Every week, we tell you about an album we think you need to spend time with. This week’s album is Heaven to a Tortured Mind, the new release from Yves Tumor.
The Yves Tumor project’s fashioning itself in a traceable lineage of unbridled rockstars, and this time, it’s gone more pop than ever. Granted, this comes at neither an expense of innovation nor a bend to the whims of convention. Convention and Yves Tumor don’t belong in the same sentence, even when Tumor colors more neatly within the lines. That said, it’s taken their fourth studio album for their hit-making capabilities to fully align with their dazzling attention to iconography and worldbuilding. While their previous effort elevated them to critical darling status for fearless (and brilliant) experimentation, Heaven to a Tortured Mind is an album that frolics through all the tricks of rockstars past, granting Sean Bowie the brunt of the spotlight to breathe intoxicating life into the annals of genre cliché. It’s dizzying, often electrifying, and distanced enough to ensure the fourth wall never falls no matter how many times Bowie smiles for the camera.
By design, the new iteration of Yves Tumor entertains a wicked fixation with temptation and desire. The sightline proves familiar, yet fruitful: when Tumor pines for devotion, to feel, it always registers with conviction, whether it’s crooning quietly or blaring from the depths of the underworld. For every well-worn trope of a rock opus, Tumor aligns its feelings with many horrific visions of violence, featuring many teeth, drops of blood, and severed heads. Working together, the romantic idealism is once again cast astray as Tumor rearranges the pieces of history.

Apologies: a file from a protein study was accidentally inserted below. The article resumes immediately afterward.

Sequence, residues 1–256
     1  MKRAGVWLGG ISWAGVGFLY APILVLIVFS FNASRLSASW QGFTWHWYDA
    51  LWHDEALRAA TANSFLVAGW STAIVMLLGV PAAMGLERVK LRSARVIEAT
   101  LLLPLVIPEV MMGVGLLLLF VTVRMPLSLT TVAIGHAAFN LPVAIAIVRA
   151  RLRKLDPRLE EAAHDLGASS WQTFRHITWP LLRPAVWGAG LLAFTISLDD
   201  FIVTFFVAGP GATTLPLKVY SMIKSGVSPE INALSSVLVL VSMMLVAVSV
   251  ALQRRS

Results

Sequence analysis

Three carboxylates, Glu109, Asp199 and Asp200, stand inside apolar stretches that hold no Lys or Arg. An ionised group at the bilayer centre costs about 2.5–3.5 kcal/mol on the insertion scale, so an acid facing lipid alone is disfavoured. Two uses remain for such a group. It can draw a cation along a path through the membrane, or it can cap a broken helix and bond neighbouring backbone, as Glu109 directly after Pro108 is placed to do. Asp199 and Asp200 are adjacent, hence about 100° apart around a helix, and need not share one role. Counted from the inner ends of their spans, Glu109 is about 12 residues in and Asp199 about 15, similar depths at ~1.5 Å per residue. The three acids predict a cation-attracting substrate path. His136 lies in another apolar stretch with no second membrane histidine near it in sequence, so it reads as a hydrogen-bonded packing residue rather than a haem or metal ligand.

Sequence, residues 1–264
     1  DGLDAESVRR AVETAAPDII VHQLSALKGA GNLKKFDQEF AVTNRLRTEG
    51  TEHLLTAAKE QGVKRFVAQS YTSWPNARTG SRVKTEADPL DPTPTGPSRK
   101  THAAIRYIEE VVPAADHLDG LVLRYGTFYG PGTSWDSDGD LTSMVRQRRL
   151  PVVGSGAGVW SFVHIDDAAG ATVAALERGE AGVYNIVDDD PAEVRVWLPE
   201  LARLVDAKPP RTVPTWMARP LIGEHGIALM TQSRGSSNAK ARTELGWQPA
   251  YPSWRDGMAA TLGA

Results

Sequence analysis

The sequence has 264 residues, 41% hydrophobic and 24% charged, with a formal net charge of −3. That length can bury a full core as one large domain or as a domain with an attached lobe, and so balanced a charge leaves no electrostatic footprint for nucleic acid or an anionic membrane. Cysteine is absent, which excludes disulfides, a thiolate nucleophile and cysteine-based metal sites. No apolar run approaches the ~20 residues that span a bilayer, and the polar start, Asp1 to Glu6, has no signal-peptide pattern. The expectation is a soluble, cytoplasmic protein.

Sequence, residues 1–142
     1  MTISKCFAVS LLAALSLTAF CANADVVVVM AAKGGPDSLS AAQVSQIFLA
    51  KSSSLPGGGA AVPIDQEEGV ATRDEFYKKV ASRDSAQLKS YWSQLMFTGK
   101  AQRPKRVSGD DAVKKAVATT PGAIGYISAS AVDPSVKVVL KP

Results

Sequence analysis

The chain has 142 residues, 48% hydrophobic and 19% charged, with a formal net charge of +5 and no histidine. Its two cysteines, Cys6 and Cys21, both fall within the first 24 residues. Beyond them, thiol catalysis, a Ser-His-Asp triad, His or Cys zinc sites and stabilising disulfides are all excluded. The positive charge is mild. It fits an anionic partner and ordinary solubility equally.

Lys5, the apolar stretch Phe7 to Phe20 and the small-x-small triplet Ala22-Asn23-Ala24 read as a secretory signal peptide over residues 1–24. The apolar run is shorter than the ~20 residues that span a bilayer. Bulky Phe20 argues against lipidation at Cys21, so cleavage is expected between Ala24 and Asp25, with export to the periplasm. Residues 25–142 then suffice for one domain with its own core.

Yves has always been one for range, and Heaven realizes many new facets of its potential as a time-warped character building new monuments from the remnants of its predecessor. And thanks to the likes of Diana Gordon and Kelsey Lu, the vocal execution makes for often-chilling results ranging from the narration of a hellish fever dream to an explosive arena rock showstopper. It’s the music kingdoms fall to, the soundtrack to an audible ego death.
As I recall how Safe in the Hands of Love floored me for the sheer boldness of its ideas, Heaven to a Tortured Mind uses trace amounts of accessible markers to lure me into the boldness of what Tumor does with them. Funk basslines, brass samples, and guitar solos aboud, each landscape never afraid to spin itself out in disorienting yet enchanting fashion. It’s intriguing to call Heaven more sonically forgiving for a swing at mainstream, but that’d be a half-truth. Every gentle stride in the sonic palette finds itself quickly disrupted by Bowie’s masterful attention to detail that satiates itself on the ability to unearth the listener’s comforts and expectations.
Listeners can trace a little of everything across decades and genre, but the final blend serves as a rich journey for the well-acquainted, as well as the uninitiated. All 36 minutes beg to be amplified on long rides down the highway to nowhere, Yves Tumor serving as the ringleader guiding us towards sacrificing for our wildest fantasies. It’s the rockstar future we’ve deserved, and a present remaining difficult to prepare for, yet one we’ll gleefully enable. (This global moment’s spiraling uncertainty only serves as a prime backdrop.)